URL of this press release: http://www.siug.ch/presse/Presse.20020405.html.en

Press release, "Swiss Internet User Group" SIUG

Swiss Internet Service Providers lock out competitors


Internet, April 5th 2002

Investigations of the Swiss Internet User Group (SIUG) have shown that some Swiss ISPs have disabled access to their competitor Butlerweb [1].

SIUG has discovered that both IP-Plus/Swisscom and Sunrise deny their customers access to Butlerweb's home page [2]. In fact, a technical error message is displayed suggesting that the competitor's server may not be running properly. Access of the Butlerweb pages via other ISPs remains without problems.


Side-effects of unapt barriers in the Internet

Further inquiries have shown that the IP number is allocated to the Butlerweb webserver [3] - the same number under which the web pages of Front14 [4] used to operate and which had previously been blocked by a number of Swiss ISPs due to the activities of the pressure group "Aktion Kinder des Holocaust" (Children of the Holocaust) [5] and the precarious legal position in Switzerland. SIUG had previously called attention to the fact that this approach would necessarily lead to the aggravating "collateral damage" as it has now become public [6]: Internet publications cannot be continuously scanned for problematic content.

Swiss providers on the horns of a dilemma

Some Swiss ISPs block access to parts of the Internet without notification of their customers, thereby making a choice between two equally unbefitting alternatives: Either they bow to the public pressure for blockades without awaiting definite legal regulations, or they take the risk of facing a trial with an uncertain outcome. It is this situation that leads to the observed damaging and intransparent access denials. SIUG promotes an open and transparent Internet and demands that the motion of council state member Thomas Pfisterer [7] is quickly put into practice in order to obtain clear legal grounds for Swiss ISPs. The filtering of the Internet has undesirable side-effects and does not contribute to the solving of societal problems.

Petitions and demonstrations in Germany

Similar problems currently exist in Germany: The district council of Dusseldorf had imposed similar access restrictions in February of this year. This led to a widely-supported petition opposing restrictions to the freedom of information [8]. Amongst the prominent initiators of the campaign are the "Reporters without Frontiers", the socialdemocrat MP Joerg Tauss, the spokeswoman of the Greens, Grietje Bettin, and the Chaos Computer Club [9]. The opponents of the decree have called for a demonstration in Duesseldorf on April 6th, the motto being "to filter out is to ignore".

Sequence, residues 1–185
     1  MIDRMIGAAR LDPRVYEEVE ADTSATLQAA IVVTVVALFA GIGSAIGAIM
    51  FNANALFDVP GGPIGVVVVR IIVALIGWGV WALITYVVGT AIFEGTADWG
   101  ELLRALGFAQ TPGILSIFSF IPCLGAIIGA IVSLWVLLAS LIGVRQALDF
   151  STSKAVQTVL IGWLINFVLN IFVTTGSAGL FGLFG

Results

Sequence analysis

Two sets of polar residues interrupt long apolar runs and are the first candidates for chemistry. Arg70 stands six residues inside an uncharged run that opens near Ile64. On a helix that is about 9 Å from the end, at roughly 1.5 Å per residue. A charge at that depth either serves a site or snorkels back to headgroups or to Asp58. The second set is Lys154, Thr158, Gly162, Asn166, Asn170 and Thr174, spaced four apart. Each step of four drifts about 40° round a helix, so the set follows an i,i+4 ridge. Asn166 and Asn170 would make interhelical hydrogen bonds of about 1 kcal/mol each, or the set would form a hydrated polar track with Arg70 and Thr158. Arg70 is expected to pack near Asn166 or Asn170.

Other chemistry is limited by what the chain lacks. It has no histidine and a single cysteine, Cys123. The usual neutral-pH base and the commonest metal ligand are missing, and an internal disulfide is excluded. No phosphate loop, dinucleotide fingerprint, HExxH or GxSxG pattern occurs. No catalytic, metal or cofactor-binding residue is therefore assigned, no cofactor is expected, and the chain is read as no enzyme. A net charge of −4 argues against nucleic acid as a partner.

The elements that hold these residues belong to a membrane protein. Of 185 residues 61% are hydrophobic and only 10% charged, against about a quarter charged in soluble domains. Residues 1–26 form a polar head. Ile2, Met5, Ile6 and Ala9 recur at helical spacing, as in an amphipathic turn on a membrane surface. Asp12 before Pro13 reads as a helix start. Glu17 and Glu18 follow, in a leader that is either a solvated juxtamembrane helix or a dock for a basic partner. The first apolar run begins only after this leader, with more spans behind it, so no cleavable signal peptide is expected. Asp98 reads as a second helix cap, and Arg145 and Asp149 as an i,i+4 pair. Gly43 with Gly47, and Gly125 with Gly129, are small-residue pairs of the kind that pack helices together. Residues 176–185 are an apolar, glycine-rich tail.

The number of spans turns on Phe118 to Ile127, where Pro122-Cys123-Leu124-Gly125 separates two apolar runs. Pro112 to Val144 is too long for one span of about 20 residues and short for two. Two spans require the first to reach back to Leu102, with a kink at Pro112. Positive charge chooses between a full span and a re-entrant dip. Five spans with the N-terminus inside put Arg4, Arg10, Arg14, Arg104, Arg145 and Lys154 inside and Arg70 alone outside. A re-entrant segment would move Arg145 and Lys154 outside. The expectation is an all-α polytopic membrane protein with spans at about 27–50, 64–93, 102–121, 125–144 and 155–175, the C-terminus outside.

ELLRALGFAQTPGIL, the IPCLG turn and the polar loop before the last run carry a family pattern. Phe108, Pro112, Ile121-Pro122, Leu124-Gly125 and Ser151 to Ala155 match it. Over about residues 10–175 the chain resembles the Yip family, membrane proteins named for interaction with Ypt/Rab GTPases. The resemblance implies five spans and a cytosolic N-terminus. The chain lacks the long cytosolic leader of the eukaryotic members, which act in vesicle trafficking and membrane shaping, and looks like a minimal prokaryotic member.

References, Links:

  1. Information about Butlerweb:
    Butlerweb offers e.g. webhosting services, as do Swisscom and Sunrise.
  2. May be verified using the commands "traceroute www.butlerweb.com" (UNIX/Linux) or "tracert www.butlerweb.com" (some Windows variants).
  3. Computers connected to the Internet can be reached by so-called IP-numbers. Addresses such as www.butlerweb.com are transformed into the corresponding IP number when a website is requested. Web pages of different domains may be hosted using the same IP number.
  4. http://www.front14.org/
  5. http://www.akdh.ch/
  6. SIUG press releases February 18th 2001 and June 29 2001 (in German):
  7. http://parlament.ch/afs/data/d/gesch/2000/d_gesch_20003714.htm
  8. http://www.odem.org/
  9. http://www.ccc.de/


Further information about the Swiss Internet User Group (SIUG)

Homepage: http://www.siug.ch/
Statement of purpose: http://www.siug.ch/about/ (in German)

Statements on various internet-related issues:
http://www.siug.ch/positionen/ (in German)

SIUG also offers mailing lists for announcements and discussions regarding the above mentined topics. Details on how to subscribe can be found on the SIUG homepage.


P.O. Box 1908
CH-8021 Zürich

Swiss Post Account number: 87-67210-5


Homepage: http://www.siug.ch/